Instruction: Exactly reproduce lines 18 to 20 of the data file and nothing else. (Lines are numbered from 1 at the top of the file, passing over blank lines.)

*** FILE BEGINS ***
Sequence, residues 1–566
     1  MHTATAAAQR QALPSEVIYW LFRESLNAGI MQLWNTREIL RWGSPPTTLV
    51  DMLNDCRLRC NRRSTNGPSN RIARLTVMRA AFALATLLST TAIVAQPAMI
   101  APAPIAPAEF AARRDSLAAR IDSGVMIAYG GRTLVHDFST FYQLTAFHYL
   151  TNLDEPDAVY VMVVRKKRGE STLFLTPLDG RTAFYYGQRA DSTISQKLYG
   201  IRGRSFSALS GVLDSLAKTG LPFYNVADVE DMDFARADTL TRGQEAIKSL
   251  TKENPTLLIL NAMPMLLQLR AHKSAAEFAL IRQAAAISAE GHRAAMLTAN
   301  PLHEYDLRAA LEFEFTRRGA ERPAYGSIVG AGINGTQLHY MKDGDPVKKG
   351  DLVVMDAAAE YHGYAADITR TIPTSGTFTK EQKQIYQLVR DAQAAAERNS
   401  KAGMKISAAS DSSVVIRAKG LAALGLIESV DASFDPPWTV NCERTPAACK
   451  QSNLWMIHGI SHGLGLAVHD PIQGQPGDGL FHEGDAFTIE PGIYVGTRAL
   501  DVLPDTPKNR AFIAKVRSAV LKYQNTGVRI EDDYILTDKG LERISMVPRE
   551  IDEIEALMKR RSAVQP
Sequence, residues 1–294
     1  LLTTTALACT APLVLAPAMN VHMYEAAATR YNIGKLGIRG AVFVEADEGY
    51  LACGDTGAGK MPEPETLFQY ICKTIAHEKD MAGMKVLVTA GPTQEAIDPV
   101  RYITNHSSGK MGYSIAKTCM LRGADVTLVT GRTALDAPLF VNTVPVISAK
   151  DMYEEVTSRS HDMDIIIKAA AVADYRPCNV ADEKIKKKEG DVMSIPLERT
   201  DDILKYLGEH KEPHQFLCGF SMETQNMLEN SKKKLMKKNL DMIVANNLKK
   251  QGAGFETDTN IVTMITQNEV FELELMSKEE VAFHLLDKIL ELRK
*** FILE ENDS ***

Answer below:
   151  DMYEEVTSRS HDMDIIIKAA AVADYRPCNV ADEKIKKKEG DVMSIPLERT
   201  DDILKYLGEH KEPHQFLCGF SMETQNMLEN SKKKLMKKNL DMIVANNLKK
   251  QGAGFETDTN IVTMITQNEV FELELMSKEE VAFHLLDKIL ELRK